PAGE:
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Adult services censored on Craigslist

By the CNN Wire Staff
The Craigslist website has been under fire for allegations that it promotes prostitution.
The Craigslist website has been under fire for allegations that it promotes prostitution.
STORY HIGHLIGHTS
  • Connecticut attorney general praises action
  • The word "censored" replaces the section where adult services used to be
  • The website has been accused of promoting prostitution in its adult services section
  • Seventeen attorneys general urge Craigslist to replace the section

(CNN) -- Online classified service Craigslist's decision to censor its adult services section could be a model for other websites, a leader in the fight against prostitution ads said Saturday.

"This step is very much in the right direction," said Connecticut Attorney General Richard Blumenthal, who spearheaded a letter from 17 attorneys general who recently banded together to urge Craigslist to discontinue its adult services section.

The embattled website has been under fire for allegations that it promotes prostitution.

"These prostitution ads enable human trafficking and assaults on women," said Blumenthal. "They are flagrant and rampant. Craigslist has lacked the wherewithal or will to effectively screen them out."

The section that usually reads "adult services" on Craigslist was replaced by the word "censored."

It was not immediately clear whether Craigslist removed the adult services and replaced them with the "censored" section, which had a link that was not active. But for users who accessed the account outside the U.S., the erotic services link was still active.

Craigslist representatives told CNN on Saturday that they will release a statement at a later time.

"The message here is put people over profits," said Blumenthal, who is running for the U.S. Senate from Connecticut as a Democrat. He said officials will continue monitoring Craigslist and other websites for such content.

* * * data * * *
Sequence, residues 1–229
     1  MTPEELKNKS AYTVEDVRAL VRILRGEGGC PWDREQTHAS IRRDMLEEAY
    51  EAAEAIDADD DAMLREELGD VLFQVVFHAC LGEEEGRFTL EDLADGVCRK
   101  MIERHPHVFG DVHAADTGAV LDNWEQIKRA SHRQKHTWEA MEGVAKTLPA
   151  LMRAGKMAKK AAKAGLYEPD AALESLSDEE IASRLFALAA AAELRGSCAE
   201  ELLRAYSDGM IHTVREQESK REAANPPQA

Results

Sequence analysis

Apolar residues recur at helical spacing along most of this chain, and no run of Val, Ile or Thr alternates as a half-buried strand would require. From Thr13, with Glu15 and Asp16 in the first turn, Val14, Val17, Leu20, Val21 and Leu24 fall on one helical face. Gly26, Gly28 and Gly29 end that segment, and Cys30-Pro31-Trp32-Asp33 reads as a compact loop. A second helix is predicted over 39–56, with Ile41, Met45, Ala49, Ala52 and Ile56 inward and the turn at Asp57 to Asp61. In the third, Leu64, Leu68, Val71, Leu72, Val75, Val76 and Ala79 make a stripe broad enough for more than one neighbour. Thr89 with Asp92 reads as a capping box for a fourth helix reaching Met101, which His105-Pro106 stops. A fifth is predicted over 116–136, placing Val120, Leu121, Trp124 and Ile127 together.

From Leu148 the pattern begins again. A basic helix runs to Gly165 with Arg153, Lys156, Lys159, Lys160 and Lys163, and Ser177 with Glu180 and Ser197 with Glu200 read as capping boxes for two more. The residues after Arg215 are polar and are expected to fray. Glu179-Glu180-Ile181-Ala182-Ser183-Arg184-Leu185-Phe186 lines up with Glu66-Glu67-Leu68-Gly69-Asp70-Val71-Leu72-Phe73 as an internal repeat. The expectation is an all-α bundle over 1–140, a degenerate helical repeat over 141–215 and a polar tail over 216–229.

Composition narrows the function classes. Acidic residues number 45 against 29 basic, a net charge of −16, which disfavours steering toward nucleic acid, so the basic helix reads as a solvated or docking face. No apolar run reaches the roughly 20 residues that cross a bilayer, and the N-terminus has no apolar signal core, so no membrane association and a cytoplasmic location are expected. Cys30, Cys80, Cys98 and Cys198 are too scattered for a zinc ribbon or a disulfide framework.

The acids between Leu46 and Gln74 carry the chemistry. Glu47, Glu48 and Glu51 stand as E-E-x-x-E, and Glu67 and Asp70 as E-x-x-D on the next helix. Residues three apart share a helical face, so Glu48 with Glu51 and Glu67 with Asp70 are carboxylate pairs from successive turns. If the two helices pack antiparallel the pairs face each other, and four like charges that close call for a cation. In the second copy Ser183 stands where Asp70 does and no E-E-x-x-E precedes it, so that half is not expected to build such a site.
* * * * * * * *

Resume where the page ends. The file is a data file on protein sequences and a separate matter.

"The increasingly sharp public criticism of Craigslist's Adult Services section reflects a growing recognition that ads for prostitution -- including ads trafficking children -- are rampant on it," the attorneys general had said in an Aug. 24 letter to Craigslist CEO Jim Buckmaster and Founder Craig Newmark.

A Craigslist spokeswoman said at the time that the site agreed with at least some of the letter.

Video: Adult services censored
Video: Craigslist ends 'adult services' section
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"We strongly support the attorneys general desire to end trafficking in children and women, through the Internet or by any other means," said Susan MacTavish Best, who handles press inquiries for Craigslist.

"We hope to work closely with them, as we are with experts at nonprofits and in law enforcement, to prevent misuse of our site in facilitation of trafficking, and to combat such crimes wherever they appear, online or offline."

In their letter, the attorneys general highlighted an open letter, which appeared as a Washington Post ad, in which two girls said they were sold for sex on Craigslist.

When the ad came out, Buckmaster wrote a blog post in response that said, "Craigslist is anxious to know that the perpetrators in these girls' cases are behind bars."

The letter also highlighted a report in May by CNN's Amber Lyon, who posted a fake ad for a girl's services in the adult section. She received 15 calls soliciting sex in three hours.

Earlier this month, Lyon interviewed a woman named "Jessica" who sells sex on Craigslist. The woman said a Craigslist ad was "the fastest, quickest way you're for sure going to see somebody that day."

In a later blog post, Buckmaster said Craigslist implemented manual screening of adult services ads in May 2009. "Since that time, before being posted each individual ad is reviewed by an attorney," the post said.

He said the attorneys are trained to enforce Craigslist's posting guidelines, "which are stricter than those typically used by yellow pages, newspapers, or any other company that we are aware of."

Attorneys general from Arkansas, Connecticut, Idaho, Illinois, Iowa, Kansas, Maryland, Michigan, Mississippi, Missouri, New Hampshire, Ohio, Rhode Island, South Carolina, Tennessee, Texas and Virginia made the request a week after accused "Craigslist killer" Philip Markoff committed suicide in jail.

Markoff was charged with the April 2009 killing of Julissa Brisman. Boston Police said that Brisman, a model, advertised as a masseuse on Craigslist, and Markoff might have met her through the website.

In 2008, under pressure from state prosecutors, the website raised the fees for posting adult services ads. In 2009, it started donating portions of the money generated by adult ads to charity.

A CNN investigation of Craigslist's adult services section, which replaced "erotic services ads" two years ago, counted more than 7,000 ads in a single day. Many offered thinly veiled "services" for anything from $50 for a half-hour to $400 an hour.

CNN's Deborah Doft and Nicky Robertson contributed to this report.

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